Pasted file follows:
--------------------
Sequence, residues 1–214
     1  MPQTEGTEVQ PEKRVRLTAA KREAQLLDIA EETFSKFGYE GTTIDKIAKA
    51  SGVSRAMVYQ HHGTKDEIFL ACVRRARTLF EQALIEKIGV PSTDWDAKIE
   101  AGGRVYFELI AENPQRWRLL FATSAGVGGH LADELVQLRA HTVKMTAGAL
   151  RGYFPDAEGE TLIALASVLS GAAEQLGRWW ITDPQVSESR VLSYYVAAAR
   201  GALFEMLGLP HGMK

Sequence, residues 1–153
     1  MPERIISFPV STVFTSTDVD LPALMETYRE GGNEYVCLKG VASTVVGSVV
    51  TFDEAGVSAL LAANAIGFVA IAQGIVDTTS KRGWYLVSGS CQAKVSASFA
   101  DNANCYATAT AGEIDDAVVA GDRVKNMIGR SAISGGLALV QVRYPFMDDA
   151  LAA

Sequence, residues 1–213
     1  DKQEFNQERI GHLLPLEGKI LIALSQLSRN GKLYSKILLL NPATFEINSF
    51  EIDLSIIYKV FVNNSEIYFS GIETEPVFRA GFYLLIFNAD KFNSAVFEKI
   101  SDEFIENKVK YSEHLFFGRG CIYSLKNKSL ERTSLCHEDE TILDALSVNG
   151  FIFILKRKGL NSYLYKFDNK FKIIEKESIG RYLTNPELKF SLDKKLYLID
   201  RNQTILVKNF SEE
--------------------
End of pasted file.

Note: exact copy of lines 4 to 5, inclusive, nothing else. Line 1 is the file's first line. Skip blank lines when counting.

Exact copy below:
   101  AGGRVYFELI AENPQRWRLL FATSAGVGGH LADELVQLRA HTVKMTAGAL
   151  RGYFPDAEGE TLIALASVLS GAAEQLGRWW ITDPQVSESR VLSYYVAAAR